My Dog Ate Quality Street What Should I Do?

Reviewed By Julie •  Updated: 01/08/23 •  3 min read
Dog Severe Toxicity Level
The contents of the website, such as text, graphics, images, and other material contained on this site (“Content”) are for informational purposes only. The Content is not intended to be a substitute for professional veterinarian advice, diagnosis, or treatment. Always seek the advice of your veterinarian with any questions you may have regarding the medical condition of your pet. Never disregard professional advice or delay in seeking it because of something you have read on this website! Some of the links in this post are affiliate links. This means if you click on the link and purchase this item or service, we will receive an affiliate commission at no extra cost to you. All opinions remain our own.

Dog Ate Quality Street

Online Veterinary 24/7
Chat With A Veterinarian Online

Connect with a verified veterinarian in minutes. Licensed vets are available 24/7 to answer your questions. No need to worry about your furry family member.

Do you love Quality Street? What’s not to love! These treats are amazing, and no wonder. As you enjoy eating Quality Street, your dog may see all the pleasure of doing so on your face. And you can bet he will want some of this great stuff, too! But what happens if a dog eats Quality Street?

Has your dog eaten Quality Street? Are you worried the Quality Street will make your dog sick? If so, you’ve come to the right place. We understand it can be scary when your dog eats something like this.

We’ve gathered information about Quality Street and whether it can make a dog sick. Let’s get started!

It is strongly recommended to contact a Pet Poison Helpline or your veterinarian.

What is Quality Street?

Quality Street is a brand of candies that are made with chocolate and other ingredients. The candy comes in tins, with the individual candies wrapped inside. And this is a brand that’s been around since 1936, when it was first made by Mackintosh in Halifax, West Yorkshire, England. Today, the candy is produced by the Nestle company.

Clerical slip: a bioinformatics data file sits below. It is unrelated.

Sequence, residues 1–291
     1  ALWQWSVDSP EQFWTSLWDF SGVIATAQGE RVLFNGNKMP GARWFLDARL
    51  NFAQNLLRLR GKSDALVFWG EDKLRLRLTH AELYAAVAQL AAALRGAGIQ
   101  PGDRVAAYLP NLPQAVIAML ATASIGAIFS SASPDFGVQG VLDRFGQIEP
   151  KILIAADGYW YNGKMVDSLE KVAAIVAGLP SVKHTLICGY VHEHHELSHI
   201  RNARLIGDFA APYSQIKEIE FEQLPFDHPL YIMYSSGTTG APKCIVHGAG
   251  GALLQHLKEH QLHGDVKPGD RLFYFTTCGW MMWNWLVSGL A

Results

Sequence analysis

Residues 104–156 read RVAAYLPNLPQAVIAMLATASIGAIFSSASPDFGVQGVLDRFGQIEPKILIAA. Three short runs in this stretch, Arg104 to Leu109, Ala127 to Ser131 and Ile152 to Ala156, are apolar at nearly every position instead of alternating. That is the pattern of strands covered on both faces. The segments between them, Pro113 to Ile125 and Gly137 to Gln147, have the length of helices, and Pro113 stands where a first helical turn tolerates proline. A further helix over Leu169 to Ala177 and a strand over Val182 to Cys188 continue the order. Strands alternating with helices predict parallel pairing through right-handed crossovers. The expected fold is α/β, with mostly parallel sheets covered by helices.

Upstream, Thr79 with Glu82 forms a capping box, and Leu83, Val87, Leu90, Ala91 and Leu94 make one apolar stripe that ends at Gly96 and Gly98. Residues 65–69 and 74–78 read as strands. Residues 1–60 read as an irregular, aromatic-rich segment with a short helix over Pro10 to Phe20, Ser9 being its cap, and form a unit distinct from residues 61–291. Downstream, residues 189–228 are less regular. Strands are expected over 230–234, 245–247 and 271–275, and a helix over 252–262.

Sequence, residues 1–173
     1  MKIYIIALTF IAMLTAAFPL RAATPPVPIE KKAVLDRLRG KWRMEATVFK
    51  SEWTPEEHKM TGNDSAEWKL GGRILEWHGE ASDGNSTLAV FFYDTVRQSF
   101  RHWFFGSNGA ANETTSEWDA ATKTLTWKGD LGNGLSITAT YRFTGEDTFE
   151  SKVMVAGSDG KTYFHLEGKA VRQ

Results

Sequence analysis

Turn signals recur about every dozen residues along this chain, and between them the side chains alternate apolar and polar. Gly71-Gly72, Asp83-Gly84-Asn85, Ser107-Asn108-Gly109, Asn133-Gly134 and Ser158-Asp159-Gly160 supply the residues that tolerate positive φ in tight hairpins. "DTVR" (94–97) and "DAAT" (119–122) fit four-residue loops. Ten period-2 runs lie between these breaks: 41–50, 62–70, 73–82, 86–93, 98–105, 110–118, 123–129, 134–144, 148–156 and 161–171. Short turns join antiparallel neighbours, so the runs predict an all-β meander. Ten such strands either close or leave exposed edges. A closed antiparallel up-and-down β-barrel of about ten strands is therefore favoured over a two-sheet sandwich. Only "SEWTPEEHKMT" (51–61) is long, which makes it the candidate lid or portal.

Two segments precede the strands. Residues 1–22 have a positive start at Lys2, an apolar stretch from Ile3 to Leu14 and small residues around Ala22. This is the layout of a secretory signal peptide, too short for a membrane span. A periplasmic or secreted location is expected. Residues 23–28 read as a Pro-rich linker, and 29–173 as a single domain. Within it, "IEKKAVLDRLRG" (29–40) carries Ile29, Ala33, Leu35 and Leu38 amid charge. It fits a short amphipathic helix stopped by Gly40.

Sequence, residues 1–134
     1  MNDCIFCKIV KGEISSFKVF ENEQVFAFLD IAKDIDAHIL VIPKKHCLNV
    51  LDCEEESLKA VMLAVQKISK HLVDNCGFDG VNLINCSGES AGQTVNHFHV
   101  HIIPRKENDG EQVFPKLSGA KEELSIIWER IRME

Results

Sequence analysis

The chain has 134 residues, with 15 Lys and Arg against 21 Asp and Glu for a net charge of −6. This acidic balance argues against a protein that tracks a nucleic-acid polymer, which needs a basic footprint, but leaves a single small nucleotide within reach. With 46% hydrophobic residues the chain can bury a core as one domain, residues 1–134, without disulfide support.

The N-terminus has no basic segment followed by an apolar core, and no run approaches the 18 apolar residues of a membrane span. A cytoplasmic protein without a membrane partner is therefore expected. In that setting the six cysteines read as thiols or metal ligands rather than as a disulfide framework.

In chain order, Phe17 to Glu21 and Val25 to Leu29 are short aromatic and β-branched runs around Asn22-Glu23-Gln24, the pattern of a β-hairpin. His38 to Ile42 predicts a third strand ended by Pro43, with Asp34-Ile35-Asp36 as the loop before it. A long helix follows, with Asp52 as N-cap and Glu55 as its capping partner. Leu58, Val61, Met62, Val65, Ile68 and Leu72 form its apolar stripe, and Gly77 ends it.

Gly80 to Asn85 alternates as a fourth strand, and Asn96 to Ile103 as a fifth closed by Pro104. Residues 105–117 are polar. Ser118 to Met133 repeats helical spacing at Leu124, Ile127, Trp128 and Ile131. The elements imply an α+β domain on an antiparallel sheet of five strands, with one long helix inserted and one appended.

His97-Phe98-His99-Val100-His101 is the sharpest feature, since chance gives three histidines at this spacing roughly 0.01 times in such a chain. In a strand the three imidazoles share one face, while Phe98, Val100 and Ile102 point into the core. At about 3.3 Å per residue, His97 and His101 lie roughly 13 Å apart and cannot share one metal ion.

These chocolate candies may contain the following ingredients:

While these candies are safe for humans (in moderation), what about dogs?

Quality Street & Dogs

Unfortunately, Quality Street candies can make a dog sick. If your dog eats one candy, he may be OK. However, if he eats more, the chocolate in the candy could make him very sick. Chocolate is extremely toxic to dogs.

Another problem is whether your dog has eaten the wrapper or not. If so, if he’s eaten enough wrappers, there’s a possibility they could cause an obstruction in the dog’s digestive tract. This is a very dangerous condition that can cause death if left untreated.

Symptoms of Quality Street Ingestion in Dogs

You may notice these symptoms if your dog has eaten Quality Street candies:

Symptoms of chocolate toxicity:

Symptoms of intestinal obstruction:

If your dog shows any of these or other concerning symptoms, call the vet immediately. This is an emergency.

Try to determine how many candies your dog has eaten and what time this happened. The information can be very helpful to the vet.

Treatment of Quality Street Candy Ingestion in Dogs

Treatment will depend on your dog’s symptoms. For chocolate toxicity, the vet may induce vomiting or activated charcoal to decontaminate your dog’s system. They will then treat any other symptoms that arise.

For an intestinal obstruction, the vet may order images of your dog’s digestive tract. This is done to determine whether there’s a blockage and where it’s located. Surgery is usually required for a blockage.

The prognosis is best for dogs who receive prompt medical treatment after eating Quality Street candies. In the future, it’s best to keep all chocolate and candies out of your dog’s reach. You’ll both be happier for it!

(Visited 89 times, 1 visits today)
Online Veterinary 24/7
Chat With A Veterinarian Online

Connect with a verified veterinarian in minutes. Licensed vets are available 24/7 to answer your questions. No need to worry about your furry family member.


Julie is a graduate of the University of North Carolina, Wilmington, where she studied Animal science. Though contrary to the opinion of her parents she was meant to study pharmacy, but she was in love with animals especially cats. Julie currently works in an animal research institute (NGO) in California and loves spending quality time with her little cat. She has the passion for making research about animals, how they survive, their way of life among others and publishes it. Julie is also happily married with two kids.

Keep Reading